The greatest thing since bread idioms
When it comes to offering both nutritional and linguistic value, no food is more nourishing than good ol’, plain ol’ bread. For centuries, bread has been a symbol of the ultimate sustenance – and bread idioms and proverbs further emphasize its dual status as a provider of life and a measure of how well that life is lived. As the month of July marks the anniversary of the first mechanical production of sliced bread, we look at some of the ways that the ubiquitous food has permeated the English language.
Bread and the Bible
It should come as no surprise that many bread idioms and expressions can be found in, or in relation to, biblical verse. The use of bread in some Christian religious services is a longstanding tradition; in the ceremony known as the Eucharist, bread and wine are served (symbolizing the body and blood of Jesus Christ), and bread is called the Host.
The phrase daily bread is present in the Lord’s Prayer, a prayer found in the Gospels, and spoken during liturgy in which God is entreated to “Give us this day, our daily bread.” Both in- and outside of religious contexts, the daily bread is the nourishment (spiritual or otherwise) one needs each day to live one’s life.
A common idiom meaning to start or share a meal with others, breaking bread also means to celebrate the Eucharist.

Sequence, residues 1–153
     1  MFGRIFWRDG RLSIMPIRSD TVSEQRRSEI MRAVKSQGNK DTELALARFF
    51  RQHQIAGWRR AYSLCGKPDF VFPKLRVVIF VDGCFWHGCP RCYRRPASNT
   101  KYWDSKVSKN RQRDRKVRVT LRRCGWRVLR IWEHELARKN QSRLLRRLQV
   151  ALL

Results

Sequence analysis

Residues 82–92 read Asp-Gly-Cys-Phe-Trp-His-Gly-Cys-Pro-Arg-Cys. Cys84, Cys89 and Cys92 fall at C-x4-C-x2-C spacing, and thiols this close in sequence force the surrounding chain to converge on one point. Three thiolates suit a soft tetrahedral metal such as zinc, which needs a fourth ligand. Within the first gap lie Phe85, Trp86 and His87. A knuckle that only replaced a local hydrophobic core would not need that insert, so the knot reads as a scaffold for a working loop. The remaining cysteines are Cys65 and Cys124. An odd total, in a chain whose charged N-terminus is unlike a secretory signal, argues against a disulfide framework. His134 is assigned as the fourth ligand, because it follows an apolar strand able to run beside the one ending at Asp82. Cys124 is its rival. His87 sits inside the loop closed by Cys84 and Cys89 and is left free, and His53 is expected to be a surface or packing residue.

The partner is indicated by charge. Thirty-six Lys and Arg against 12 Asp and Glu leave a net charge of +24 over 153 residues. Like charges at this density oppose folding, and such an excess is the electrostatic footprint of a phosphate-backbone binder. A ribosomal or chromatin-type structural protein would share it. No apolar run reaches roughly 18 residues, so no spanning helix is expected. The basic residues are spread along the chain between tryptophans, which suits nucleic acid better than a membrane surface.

Meaning “to do good without expecting gratitude or reward,” these are words to live by for anyone who values charity and generosity. The phrase is originally found in the Old Testament book of Ecclesiastes.
According to the Oxford Dictionary of Proverbs, this oft-spoken proverb alludes to two biblical passages, one in the Old Testament (Deuteronomy) and one in the New Testament (Matthew). In the religious context, one also depends on following the word of God in order to survive. Ralph Waldo Emerson added his own interpretation to the saying, writing in 1878 that one must also live “by faith, by admiration, by sympathy.”
Break the staff of bread
Another expression with biblical allusions, breaking the staff of bread, according to the Oxford English Dictionary is “to cut or diminish a supply of food.” Bread is also historically considered to be a “staff of life.”
Bread and wealth
Bread and its ingredients have long been used as signifiers of wealth. From as far back as the 17th century gingerbread was known as informal slang for money, and dough and bread continue to be used as such. In a similar vein, bread idioms are used in reference to both the “haves and have-nots.”
The person who earns the money to support a household is often called a breadwinner. When one speaks of the “sole breadwinner,” oftentimes this comes with the implication that this person is also in charge of decisions regarding the household.
Bread and butter symbolizes the average person’s income. In this day and age, one’s source of income, i.e. one’s bread and butter, is vital for survival and affects your every decision. Bread and butter are also so essential that they’re commonplace; bread and butter things are just expected to be there. (Following this line of thought, a bread-and-butter is a letter of thanks for hospitality that ought to be sent as a matter of course.)